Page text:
“Long waiting lists for products makes the company able to weather short term cyclical headwinds, and be able to continue to optimise its production capacity in downturns, making its sales more predictable over the long term,” he said.

“The recent launch of an SUV has already ran into waiting lists of well over one year, and is helping the company address an important car market segment.

“Ferrari has more predictable sales than the market expects, and therefore can be seen as a consumer staples, albeit if only a staples of the high-net-worth individual.”

This Aussie company designs and makes CPAP systems that treat sleep apnoea, a debilitating illness affecting hundreds of millions of people worldwide.

Lanyon Asset Management portfolio manager Nick Markiewicz said ResMed shares had been sold off significantly in recent months amid fears around the potential impact of new obesity drugs on demand for CPAP systems.

“While it is possible these drugs will have a marginal impact on ResMed over time, we think this threat is small, and more than reflected in the share price,” Mr Markiewicz said.

“We think an opportunity to own ResMed exists partly on account of the company’s dual-listing, with the majority of shares traded in the US, where ResMed is potentially less familiar to investors and the quality of the business is under appreciated,” he said.

“ResMed has a dominant position in an under-penetrated market with a long runway for growth for many years to come. We think the recent sell-off has provided a rare opportunity to buy a stake in one of the best businesses in Australia at its cheapest valuation level in seven years.”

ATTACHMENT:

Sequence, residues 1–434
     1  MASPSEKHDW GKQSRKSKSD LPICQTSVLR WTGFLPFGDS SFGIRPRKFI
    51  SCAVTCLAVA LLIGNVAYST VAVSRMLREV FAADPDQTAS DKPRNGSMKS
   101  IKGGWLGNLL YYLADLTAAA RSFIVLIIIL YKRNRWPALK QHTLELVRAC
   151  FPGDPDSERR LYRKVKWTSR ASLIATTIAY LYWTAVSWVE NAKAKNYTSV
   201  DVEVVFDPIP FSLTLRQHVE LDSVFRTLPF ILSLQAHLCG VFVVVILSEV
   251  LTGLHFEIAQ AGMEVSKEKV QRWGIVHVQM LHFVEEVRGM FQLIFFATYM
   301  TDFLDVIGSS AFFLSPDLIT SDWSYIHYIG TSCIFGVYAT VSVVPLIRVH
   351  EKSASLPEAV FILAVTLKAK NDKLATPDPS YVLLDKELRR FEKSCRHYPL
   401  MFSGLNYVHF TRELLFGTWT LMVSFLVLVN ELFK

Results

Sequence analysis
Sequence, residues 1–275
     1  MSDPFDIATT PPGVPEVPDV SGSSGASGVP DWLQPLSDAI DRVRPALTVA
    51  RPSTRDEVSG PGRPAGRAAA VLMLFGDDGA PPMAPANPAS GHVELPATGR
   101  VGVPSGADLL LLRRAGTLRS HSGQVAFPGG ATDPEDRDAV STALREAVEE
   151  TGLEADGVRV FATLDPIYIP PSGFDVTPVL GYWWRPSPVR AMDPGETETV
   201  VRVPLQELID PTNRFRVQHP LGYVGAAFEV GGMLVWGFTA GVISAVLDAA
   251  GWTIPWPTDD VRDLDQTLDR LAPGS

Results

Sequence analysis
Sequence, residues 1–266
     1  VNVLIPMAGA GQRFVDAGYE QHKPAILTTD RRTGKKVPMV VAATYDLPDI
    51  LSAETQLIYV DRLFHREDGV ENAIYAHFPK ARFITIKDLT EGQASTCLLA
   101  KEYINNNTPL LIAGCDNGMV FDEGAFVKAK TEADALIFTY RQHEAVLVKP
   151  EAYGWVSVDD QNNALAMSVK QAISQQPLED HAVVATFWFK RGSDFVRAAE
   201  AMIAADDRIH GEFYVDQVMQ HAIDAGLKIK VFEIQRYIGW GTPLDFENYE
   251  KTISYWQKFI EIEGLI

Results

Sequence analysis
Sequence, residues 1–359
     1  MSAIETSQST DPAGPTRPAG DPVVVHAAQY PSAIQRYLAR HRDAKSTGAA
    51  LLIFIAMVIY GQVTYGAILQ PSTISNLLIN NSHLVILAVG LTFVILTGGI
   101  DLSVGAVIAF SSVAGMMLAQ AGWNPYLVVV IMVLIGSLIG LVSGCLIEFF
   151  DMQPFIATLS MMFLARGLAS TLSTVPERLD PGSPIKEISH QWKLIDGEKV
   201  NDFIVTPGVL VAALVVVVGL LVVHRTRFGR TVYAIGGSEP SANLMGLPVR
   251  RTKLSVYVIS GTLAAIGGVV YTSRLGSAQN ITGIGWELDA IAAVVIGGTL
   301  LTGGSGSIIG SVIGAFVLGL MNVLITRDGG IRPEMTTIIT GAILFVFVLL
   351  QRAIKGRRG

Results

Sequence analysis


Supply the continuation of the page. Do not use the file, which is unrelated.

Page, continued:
This company combines two hot sectors – technology and logistics – and Sage Capital portfolio manager Kelli Meagher said its recent heavy falls reflected market attention on weaker freight volumes.

“We believe this is a short-term cyclical headwind which creates a great opportunity to invest in a company with a near monopoly in seaborne logistics among top global freight forwarders,” Ms Meagher said.

“It’s no coincidence the most profitable freight forwarders all use Wisetech’s Cargowise software,” she said.

WiseTech’s competitive advantage in global logistics should enable it to deliver good growth for many years, Ms Meagher said.

“Over more than a decade Wisetech has invested to bring online almost all major markets in single software solution, giving it scale local competitors cannot match,” she said.

“A new area where this really shines is in customs, a market potentially bigger than core freight forwarding.

“Wisetech is years ahead of the competition here.”

QVG Capital portfolio manager Chris Prunty said he loved the management and corporate culture of this company.

“Johns Lyng is an insurance builder, disaster recovery expert and strata manager,” he said.

“These are not exactly sexy industries, but they do benefit from being fragmented, non-cyclical and cash generative.

“The founder Scott Dider owns almost 18 per cent of the company and three other directors are also top 20 shareholders.”

Mr Prunty said the “secret sauce” behind Johns Lyng was its ability to identify highly-motivated, high-energy managers and give them a high degree of autonomy.